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Vanier scholars 2019

Six minds that will change our society now call the U of M home

U of M students receive prestigious Vanier Canada Graduate Scholarships to pursue trailblazing research

May 16, 2019 — 

A record six University of Manitoba graduate students are recipients of 2019 Vanier Canada Graduate Scholarships.

These awards, considered the Canadian equivalent of the United Kingdom’s Rhodes Scholarships, help recruit and keep in Canada top doctoral students from across the country and around the world. Each recipient will receive $150,000 over three years towards his or her research and this is the largest contingent of Vanier scholars ever announced by the U of M.

“These six students are emerging research leaders that are undertaking an impressive level and scope of studies,” said Digvir Jayas, vice-president (research and international) and Distinguished Professor at U of M. “They are deserving of this notable recognition and support.”

The University of Manitoba is proud to congratulate these six exceptional PhD students who now call the University of Manitoba home:

  • Allison Balasko: A Rady Faculty of Health Sciences student studying in the department of medical microbiology, her Vanier supported work will investigate how to reverse the exhaustive and detrimental effects of HIV on the immune system.
  • Elena Bilevicius: A Faculty of Arts student studying in the department of psychology. Her Vanier work will aim to understand how social factors explain the link between negative mood and problem drinking in emerging adults.
  • Aleah Fontaine: A Faculty of Arts students studying in the department of psychology, her Vanier funded research will explore how to positively effect change within the child welfare system in Manitoba to promote better well-being.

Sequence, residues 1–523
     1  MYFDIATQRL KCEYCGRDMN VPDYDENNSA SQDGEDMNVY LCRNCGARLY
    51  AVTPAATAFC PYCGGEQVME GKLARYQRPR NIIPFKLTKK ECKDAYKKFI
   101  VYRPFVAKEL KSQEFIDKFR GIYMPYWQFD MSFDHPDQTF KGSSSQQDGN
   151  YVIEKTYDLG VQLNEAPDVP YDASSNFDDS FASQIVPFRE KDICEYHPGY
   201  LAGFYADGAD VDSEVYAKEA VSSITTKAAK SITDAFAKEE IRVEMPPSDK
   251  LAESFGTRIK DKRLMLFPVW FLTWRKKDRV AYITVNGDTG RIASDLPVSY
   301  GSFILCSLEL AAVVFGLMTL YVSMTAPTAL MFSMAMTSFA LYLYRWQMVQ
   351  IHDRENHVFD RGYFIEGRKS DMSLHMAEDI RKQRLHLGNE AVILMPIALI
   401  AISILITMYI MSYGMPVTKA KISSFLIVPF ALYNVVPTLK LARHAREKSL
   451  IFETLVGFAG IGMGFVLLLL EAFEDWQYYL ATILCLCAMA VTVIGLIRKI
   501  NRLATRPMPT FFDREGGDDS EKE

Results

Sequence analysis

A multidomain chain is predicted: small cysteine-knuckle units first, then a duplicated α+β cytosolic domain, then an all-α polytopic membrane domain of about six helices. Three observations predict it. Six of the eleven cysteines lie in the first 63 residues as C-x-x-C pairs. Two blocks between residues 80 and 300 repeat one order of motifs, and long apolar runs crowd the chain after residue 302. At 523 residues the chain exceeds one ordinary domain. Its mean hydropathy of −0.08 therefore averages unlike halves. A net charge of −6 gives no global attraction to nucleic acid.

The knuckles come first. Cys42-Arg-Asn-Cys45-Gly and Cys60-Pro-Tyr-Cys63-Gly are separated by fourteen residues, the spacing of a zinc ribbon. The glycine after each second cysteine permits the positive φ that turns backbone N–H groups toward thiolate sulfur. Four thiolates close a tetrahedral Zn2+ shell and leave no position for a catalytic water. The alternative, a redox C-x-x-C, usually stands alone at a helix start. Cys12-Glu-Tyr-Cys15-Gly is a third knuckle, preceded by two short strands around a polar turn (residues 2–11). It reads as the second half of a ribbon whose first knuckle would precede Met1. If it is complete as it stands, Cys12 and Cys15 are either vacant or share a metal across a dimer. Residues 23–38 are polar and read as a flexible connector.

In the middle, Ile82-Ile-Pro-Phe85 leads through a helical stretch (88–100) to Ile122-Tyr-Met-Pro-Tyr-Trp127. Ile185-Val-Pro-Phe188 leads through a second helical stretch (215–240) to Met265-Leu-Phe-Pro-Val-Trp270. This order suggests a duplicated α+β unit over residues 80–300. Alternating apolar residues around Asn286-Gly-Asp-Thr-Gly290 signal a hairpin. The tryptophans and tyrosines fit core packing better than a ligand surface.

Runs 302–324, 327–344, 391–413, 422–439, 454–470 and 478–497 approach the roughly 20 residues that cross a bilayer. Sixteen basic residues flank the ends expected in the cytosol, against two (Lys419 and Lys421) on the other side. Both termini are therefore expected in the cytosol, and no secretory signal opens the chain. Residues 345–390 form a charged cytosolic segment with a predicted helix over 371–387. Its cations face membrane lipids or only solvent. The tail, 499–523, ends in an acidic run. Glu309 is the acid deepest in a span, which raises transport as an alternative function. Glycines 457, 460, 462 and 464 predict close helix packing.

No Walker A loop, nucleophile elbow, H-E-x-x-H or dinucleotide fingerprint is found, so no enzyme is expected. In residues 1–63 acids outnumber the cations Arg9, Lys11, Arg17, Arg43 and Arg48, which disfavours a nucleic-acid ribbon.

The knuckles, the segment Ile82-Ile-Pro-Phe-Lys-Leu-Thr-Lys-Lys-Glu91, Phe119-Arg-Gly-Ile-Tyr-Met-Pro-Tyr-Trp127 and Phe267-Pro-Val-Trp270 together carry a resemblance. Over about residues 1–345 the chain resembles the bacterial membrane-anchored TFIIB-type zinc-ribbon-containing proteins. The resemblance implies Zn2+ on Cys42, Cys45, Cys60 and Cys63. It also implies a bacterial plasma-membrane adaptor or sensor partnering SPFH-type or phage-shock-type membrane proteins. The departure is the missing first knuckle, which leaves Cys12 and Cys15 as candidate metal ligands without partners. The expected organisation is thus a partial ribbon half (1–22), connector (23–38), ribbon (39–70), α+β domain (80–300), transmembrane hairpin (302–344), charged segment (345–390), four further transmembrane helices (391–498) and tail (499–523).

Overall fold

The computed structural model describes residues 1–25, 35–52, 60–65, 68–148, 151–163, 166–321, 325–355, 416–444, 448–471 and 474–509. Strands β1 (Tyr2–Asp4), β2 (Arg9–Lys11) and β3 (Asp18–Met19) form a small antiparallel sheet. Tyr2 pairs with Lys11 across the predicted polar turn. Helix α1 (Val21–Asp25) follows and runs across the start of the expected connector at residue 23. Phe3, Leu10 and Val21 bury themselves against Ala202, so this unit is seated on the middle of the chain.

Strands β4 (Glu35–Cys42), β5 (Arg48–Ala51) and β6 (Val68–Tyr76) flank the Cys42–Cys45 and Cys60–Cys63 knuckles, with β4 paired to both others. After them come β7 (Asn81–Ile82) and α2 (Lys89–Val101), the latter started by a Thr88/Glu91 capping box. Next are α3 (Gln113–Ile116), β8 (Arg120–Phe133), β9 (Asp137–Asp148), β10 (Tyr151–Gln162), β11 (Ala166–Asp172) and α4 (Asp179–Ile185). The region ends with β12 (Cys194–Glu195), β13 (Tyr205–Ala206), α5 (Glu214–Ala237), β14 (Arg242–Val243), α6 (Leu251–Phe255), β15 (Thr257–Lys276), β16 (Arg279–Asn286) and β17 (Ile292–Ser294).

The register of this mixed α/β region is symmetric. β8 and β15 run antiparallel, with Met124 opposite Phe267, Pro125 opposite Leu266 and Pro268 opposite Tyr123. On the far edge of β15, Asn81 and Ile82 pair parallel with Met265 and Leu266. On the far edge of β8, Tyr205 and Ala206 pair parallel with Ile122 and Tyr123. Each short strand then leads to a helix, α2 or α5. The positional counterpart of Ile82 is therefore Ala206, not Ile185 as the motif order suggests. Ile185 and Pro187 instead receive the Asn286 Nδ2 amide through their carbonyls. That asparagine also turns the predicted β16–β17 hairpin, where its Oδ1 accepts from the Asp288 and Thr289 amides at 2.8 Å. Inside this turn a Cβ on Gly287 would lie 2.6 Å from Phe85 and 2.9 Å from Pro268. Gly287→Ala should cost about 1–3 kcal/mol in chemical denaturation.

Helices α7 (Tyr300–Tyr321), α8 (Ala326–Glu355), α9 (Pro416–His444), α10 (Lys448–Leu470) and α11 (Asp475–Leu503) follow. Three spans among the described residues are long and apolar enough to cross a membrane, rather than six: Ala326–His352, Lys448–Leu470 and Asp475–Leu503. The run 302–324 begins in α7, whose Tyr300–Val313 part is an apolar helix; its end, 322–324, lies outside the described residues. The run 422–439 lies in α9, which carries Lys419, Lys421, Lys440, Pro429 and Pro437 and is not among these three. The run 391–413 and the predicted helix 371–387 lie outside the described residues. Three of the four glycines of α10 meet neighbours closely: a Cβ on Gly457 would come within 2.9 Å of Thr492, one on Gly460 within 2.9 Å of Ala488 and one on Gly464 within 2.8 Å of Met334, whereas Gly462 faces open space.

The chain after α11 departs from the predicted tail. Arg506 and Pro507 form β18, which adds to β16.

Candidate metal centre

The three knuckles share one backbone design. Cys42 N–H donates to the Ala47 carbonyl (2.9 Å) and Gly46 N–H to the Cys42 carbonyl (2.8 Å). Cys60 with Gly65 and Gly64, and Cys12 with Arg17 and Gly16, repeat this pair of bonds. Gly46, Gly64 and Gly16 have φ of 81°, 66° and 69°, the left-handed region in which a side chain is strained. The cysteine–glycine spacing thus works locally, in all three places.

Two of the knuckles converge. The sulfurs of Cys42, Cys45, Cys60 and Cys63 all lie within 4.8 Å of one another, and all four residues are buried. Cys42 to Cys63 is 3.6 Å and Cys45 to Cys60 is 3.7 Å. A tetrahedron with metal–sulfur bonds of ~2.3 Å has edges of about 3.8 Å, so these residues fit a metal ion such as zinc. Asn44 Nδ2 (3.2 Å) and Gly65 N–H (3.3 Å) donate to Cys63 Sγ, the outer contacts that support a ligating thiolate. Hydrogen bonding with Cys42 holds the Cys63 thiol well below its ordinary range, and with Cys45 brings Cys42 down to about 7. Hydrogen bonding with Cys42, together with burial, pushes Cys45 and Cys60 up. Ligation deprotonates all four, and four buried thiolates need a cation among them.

• Ley Fraser: A Faculty of Arts student studying in the department of sociology and criminology, her Vanier work will probe questions of identity among transgendered Canadians and the discrimination they face.
  • Andrew Hogan: A Faculty of Science student in the department of microbiology, his Vanier scholarship will aid him in exploring how traditional lab work can be combined with artificial intelligence to discover new antibiotics.
  • Kyle Monkman: A Faculty of Science student in the department of physics and astronomy, he has received Vanier support to explore how to advance quantum computing using new materials and methods.

“These recipients are leaders and role models whose future research impact will resonate across our province, country and global community,” says Todd Mondor, Vice-Provost (Graduate Education) and Dean of the Faculty of Graduate Studies.

Including these 2019 recipients, 32 U of M students have received Vanier scholarships in the past 11 years.


The scholarships are administered by Canada’s three federal granting agencies: the Canadian Institutes of Health Research; the Natural Sciences and Engineering Research Council of Canada; and the Social Sciences and Humanities Research Council.

The Vanier program honours distinguished Canadian soldier and diplomat Major-General the Right Honourable Georges Philias Vanier (1888-1967), who served as Governor General of Canada from 1959 to 1967.


Research at the University of Manitoba is partially supported by funding from the Government of Canada Research Support Fund.

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